Sojourn* Italy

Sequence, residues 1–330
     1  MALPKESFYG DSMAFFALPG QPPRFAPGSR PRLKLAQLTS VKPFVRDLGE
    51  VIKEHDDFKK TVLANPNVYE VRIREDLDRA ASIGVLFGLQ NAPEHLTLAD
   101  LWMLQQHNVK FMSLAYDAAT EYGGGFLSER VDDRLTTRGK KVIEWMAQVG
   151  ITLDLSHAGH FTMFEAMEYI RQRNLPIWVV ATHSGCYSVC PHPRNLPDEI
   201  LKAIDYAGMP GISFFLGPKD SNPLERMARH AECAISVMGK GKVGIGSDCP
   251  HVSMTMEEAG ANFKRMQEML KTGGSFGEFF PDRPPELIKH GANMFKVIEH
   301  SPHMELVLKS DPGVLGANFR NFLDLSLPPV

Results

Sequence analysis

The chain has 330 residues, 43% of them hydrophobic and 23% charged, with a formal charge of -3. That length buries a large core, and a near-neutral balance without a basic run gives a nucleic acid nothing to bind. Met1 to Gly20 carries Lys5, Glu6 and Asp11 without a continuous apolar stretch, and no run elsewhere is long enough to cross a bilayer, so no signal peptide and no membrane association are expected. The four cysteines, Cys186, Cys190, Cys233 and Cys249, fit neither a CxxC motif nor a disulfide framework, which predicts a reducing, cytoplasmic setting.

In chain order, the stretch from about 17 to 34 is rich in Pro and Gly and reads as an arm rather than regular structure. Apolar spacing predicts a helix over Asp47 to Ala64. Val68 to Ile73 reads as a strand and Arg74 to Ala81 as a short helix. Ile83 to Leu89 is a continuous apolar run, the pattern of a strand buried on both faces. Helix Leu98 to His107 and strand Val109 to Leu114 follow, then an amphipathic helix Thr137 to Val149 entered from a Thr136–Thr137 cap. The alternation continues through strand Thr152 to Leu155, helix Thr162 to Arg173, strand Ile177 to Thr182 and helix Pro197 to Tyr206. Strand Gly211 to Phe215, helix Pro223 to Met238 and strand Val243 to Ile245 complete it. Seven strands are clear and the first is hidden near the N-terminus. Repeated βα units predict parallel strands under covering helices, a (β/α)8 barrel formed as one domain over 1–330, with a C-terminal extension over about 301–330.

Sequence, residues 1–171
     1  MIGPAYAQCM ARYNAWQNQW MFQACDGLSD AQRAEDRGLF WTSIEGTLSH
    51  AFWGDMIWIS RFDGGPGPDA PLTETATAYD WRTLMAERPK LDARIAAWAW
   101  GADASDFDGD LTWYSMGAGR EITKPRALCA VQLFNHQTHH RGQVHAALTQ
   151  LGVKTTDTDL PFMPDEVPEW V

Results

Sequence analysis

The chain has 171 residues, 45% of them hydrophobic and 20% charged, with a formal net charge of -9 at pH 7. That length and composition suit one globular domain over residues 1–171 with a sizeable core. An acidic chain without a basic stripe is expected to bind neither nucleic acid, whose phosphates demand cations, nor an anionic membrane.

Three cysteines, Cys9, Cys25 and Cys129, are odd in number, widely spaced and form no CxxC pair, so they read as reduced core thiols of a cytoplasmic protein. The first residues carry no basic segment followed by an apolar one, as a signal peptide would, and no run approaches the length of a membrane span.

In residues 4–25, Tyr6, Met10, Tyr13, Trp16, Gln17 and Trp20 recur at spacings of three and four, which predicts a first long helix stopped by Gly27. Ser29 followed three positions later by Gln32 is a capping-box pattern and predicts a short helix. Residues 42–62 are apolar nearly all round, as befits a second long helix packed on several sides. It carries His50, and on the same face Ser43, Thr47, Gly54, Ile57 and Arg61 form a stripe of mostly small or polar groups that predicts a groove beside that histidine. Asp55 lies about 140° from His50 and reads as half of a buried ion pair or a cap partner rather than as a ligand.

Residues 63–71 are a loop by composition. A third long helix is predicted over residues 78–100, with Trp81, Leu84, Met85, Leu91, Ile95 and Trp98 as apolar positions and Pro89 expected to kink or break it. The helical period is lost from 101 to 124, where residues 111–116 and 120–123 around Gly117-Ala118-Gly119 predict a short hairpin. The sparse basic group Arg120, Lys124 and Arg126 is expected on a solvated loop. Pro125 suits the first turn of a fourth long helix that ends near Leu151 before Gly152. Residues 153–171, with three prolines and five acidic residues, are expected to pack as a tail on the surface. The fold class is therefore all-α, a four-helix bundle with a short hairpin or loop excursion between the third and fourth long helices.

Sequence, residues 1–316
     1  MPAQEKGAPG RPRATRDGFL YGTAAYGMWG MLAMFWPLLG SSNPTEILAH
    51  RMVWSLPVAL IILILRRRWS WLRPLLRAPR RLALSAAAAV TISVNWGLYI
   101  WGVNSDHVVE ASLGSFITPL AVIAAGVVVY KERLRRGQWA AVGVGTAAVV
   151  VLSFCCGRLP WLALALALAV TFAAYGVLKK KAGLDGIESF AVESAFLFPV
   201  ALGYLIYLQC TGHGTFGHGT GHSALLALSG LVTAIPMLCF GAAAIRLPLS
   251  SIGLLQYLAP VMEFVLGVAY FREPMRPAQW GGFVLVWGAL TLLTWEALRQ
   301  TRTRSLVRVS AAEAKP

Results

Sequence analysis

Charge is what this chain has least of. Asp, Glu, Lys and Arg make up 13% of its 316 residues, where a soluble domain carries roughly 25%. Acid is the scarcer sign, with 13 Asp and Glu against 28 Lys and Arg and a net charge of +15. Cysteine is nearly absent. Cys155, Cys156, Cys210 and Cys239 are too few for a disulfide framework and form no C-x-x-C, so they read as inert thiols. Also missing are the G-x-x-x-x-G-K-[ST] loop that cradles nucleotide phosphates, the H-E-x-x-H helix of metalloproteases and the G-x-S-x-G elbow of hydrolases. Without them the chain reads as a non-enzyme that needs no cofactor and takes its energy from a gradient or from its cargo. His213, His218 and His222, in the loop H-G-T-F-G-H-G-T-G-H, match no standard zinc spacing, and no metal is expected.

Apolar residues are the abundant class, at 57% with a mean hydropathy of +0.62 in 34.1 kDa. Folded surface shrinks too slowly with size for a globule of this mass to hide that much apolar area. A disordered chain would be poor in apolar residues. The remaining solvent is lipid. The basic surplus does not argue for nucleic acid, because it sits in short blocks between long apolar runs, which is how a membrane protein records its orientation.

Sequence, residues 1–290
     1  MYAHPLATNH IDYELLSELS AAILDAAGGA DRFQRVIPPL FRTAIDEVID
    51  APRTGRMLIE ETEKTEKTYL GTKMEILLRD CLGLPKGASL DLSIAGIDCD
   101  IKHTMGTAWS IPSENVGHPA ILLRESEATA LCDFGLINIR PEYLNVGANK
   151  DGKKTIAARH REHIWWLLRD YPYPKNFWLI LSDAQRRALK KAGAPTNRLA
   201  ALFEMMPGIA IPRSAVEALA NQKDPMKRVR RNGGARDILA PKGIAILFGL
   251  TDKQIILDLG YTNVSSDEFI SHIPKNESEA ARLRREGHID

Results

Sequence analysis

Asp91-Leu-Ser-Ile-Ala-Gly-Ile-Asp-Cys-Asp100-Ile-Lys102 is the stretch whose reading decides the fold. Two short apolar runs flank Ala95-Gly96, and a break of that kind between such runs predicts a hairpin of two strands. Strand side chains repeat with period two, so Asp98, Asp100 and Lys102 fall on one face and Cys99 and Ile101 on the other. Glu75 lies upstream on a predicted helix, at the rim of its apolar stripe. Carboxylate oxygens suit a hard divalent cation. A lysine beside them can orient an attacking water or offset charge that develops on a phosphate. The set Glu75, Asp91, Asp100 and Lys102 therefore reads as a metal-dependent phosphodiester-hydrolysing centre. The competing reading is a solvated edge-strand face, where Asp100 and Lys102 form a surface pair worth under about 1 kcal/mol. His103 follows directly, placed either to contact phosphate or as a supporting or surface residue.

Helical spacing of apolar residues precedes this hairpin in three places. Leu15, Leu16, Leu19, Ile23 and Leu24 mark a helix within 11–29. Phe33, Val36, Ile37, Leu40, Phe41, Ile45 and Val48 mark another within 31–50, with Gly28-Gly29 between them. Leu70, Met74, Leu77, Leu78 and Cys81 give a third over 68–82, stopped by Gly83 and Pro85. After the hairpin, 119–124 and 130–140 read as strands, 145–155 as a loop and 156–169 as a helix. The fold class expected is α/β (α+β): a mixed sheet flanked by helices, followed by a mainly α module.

The heat of a summer day in Rome can be unbearable, and the day that I was there this past August was no exception. As I walked along with my tour group seeing the broken walls and pillars of past civilizations I happened to notice plants breaking through the cracks of monuments and climbing over walls and rubble reclaiming what was once a time before man. I imagined how many times this particular location I was at was rebuilt and how many times it was destroyed leaving nothing but ruins. There is something beautiful and romantic in the way in which a plant when left to its own devices as the English say, can create beauty that cannot come from human hands. Amongst these wild species was a non-native to Italy, but one that was seemingly at home in the warm Mediterranean climate, Plumbago auriculata. The pale blue flowers amongst the blazing sun and deep green cypress is a cool contrast in an environment where the bright colors of Pelargoniums and Bougainvilleas command notice. What was once an excavated site, which had become a sunken garden, I immediately felt relief seeing the sea of Plumbago appear as a mirage of cool water to rest my eyes. I could have walked into it, the color of a bleached Mediterranean sky was just perfect. I know at that moment that two weeks later or two weeks earlier it couldn’t have looked nearly as beautiful as it was now, I was thankful for that moment amongst the ruins. – Brandon George

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